Andrew Conway Ivy was appointed by the American Medical Association as its representative at the 1946 Nuremberg Medical Trial for Nazi doctors.

Ivy called a press conference in 1951 at which he announced to an audience of journalists, politicians, doctors and potential investors that Krebiozen was a success. At the press conference, Ivy claimed that of 22 treated patients, 14 were alive and none had died of cancer. However, in reality 10 of the treated patients had diedall of cancerat the time of the press conference. [2] Shortly afterward, the Krebiozen Research Foundation was established by the Durovic brothers, with Ivy as president.

Intrigued by Ivy's announcement, 10 hospitals and cancer research centers followed up on the trial and attempted to reproduce Ivy's claimed results. None of these independent researchers observed any effect of Krebiozen on cancer. A compilation of these institutions' negative data was reported in the Journal of the American Medical Association in 1951. [5] Krebiozen's backers responded by alleging a conspiracy against the drug. [2] In 1959, Ivy began producing his own version of the drug under the name "Carcalon". [6]

Reproducibility is the closeness of the agreement between the results of measurements of the same measurand carried out with same methodology described in the corresponding scientific evidence. Reproducibilty can also be applied under changed conditions of measurement for the same measurand to check, that the results are not an artefact of the measurement procedures. A related concept is replicability, meaning the ability to independently achieve non-identical conclusions that are at least similar, when differences in sampling, research procedures and data analysis methods may exist. Reproducibility and replicability together are among the main beliefs of 'the scientific method'—with the concrete expressions of the ideal of such a method varying considerably across research disciplines and fields of study. The reproduced measurement may be based on the raw data and computer programs provided by researchers.

Conspiracy theory An explanation of an event or situation that unnecessarily invokes a conspiracy

A conspiracy theory is the fear of a nonexistent or alleged conspiracy or the unnecessary assumption of conspiracy when other explanations are more probable. Evidence showing it to be false, or the absence of proof of the conspiracy, is interpreted by believers as evidence of its truth, thus insulating it from refutation.

On October 28, 1964, the Durovics, Ivy and the Krebiozen Research Foundation were indicted for introducing mislabeled drugs into interstate commerce in violation of the Food, Drug and Cosmetic Act. After a 9-month trial, the case ended with a hung jury and they were acquitted. [2] [7] Soon afterwards, Durovic was indicted for tax evasion and fled the United States. [6]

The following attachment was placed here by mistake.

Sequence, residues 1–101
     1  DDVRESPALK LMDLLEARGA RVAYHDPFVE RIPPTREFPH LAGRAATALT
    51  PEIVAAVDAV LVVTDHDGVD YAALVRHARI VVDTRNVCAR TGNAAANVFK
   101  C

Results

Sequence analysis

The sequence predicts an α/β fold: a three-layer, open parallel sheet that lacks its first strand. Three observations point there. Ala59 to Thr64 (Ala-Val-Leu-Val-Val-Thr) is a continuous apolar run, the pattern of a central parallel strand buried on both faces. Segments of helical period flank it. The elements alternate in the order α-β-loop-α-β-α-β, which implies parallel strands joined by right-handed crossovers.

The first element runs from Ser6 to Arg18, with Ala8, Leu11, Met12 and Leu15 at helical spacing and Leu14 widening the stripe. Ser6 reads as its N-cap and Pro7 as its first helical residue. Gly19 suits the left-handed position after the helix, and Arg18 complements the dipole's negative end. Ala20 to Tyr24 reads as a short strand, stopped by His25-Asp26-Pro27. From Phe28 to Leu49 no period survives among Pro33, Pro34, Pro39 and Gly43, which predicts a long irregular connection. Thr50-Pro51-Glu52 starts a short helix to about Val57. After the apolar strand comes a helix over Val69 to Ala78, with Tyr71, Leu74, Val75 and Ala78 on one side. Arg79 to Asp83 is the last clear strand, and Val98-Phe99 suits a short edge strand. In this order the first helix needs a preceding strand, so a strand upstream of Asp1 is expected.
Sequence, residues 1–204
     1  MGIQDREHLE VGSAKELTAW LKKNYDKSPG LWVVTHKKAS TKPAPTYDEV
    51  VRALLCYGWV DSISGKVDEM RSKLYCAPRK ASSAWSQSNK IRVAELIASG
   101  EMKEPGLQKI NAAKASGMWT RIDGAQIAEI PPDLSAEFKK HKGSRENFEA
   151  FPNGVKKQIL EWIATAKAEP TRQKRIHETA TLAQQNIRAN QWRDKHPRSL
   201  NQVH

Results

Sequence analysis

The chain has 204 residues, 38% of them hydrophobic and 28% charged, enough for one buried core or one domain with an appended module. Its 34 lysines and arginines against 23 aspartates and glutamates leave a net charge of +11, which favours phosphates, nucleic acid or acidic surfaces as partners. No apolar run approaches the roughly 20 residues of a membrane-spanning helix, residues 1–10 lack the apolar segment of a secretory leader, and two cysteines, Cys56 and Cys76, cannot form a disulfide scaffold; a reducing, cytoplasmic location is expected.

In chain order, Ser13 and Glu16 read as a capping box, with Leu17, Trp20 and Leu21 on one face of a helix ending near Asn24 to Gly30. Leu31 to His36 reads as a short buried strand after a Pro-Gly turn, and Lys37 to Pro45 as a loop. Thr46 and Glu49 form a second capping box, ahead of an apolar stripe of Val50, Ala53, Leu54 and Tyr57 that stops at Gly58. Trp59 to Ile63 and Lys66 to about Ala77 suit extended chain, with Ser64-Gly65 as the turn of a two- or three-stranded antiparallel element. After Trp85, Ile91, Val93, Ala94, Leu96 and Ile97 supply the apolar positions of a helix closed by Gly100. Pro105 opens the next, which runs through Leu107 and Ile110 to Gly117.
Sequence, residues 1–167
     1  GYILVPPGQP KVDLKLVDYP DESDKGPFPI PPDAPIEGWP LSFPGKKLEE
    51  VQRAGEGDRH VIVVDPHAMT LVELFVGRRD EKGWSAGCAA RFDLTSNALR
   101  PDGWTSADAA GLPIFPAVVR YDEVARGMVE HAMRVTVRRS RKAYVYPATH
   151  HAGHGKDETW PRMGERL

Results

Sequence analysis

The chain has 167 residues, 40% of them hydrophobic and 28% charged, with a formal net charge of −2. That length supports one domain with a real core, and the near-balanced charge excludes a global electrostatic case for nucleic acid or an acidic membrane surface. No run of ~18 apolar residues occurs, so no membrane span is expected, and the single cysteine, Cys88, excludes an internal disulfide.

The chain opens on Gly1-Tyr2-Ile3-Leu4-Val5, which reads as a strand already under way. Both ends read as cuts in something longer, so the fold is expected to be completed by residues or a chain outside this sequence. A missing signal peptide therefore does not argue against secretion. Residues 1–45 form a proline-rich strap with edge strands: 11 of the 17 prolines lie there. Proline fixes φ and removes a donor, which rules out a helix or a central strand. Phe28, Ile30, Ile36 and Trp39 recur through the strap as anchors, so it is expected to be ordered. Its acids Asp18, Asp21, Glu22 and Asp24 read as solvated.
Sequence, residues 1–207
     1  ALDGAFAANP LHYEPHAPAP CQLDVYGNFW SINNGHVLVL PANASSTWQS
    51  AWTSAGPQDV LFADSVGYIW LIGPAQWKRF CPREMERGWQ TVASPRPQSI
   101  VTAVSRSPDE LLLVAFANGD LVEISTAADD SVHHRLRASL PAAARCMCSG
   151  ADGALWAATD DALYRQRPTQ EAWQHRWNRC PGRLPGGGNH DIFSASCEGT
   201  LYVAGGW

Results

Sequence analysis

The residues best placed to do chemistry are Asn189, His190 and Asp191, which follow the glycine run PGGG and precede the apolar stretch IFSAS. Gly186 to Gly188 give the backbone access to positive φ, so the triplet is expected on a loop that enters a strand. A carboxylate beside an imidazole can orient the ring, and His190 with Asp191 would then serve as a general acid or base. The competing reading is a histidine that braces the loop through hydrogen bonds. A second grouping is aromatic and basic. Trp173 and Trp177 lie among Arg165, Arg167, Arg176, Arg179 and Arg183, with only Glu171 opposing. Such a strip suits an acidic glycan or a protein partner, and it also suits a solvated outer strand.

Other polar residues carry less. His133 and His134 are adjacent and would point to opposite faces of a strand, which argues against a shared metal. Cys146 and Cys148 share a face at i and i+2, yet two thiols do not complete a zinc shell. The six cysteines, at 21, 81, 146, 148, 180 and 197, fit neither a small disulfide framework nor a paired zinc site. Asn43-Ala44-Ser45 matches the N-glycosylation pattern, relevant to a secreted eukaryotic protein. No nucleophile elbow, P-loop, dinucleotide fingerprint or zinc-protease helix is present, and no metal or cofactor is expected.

A hung jury or deadlocked jury is a judicial jury that cannot agree upon a verdict after extended deliberation and is unable to reach the required unanimity or supermajority.

Composition

In order to evaluate Durovic's and Ivy's claims, the National Cancer Institute (NCI) requested samples of Krebiozen. These were provided on two occasions to the NCI and one occasion to the U.S. Food and Drug Administration (FDA). Durovic proposed to charge the NCI $170,000 per gram of Krebiozen, although ultimately the samples were provided free of charge. However, the FDA spectrophotometry team, led by Alma Levant Hayden, proved the samples consisted only of creatine monohydrate, a simple amino acid, sometimes dissolved in mineral oil. [1] [2] [4] [6] [8] When the FDA went back to test previously acquired samples of Krebiozen, they found that many lacked even creatine, and consisted solely of mineral oil with no discernible active ingredients. [2]

See also

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References

  1. 1 2 3 4 "Krebiozen Analyzed". Time . 1963-09-13. Archived from the original on December 22, 2008. Retrieved 2014-07-29.
  2. 1 2 3 4 5 6 7 Holland, James (1966-10-07). "The Krebiozen Story". Quackwatch . Retrieved 2008-10-09.
  3. "Krebiozen". American Cancer Society. 1 November 2008. Retrieved 1 June 2017.
  4. 1 2 "Krebiozen". British Columbia Cancer Agency. February 2000. Archived from the original on 2008-04-16. Retrieved 2008-10-09.
  5. "STATUS report on "krebiozen"". J Am Med Assoc. 147 (9): 86473. October 1951. PMID   14873580.
  6. 1 2 3 "Krebiozen". American Cancer Society. 20 July 2007. Archived from the original on 29 October 2008. Retrieved 1 June 2017.
  7. "The Krebiozen Verdict". Time . 1966-11-02. Archived from the original on February 22, 2008. Retrieved 2014-07-29.
  8. Loory, Stuart H. (8 September 1963). "Student found clue to Krebiozen identity shortly after starting work on 20,000 spectrographs". St. Louis Post-Dispatch. p. 24. Retrieved 7 May 2017.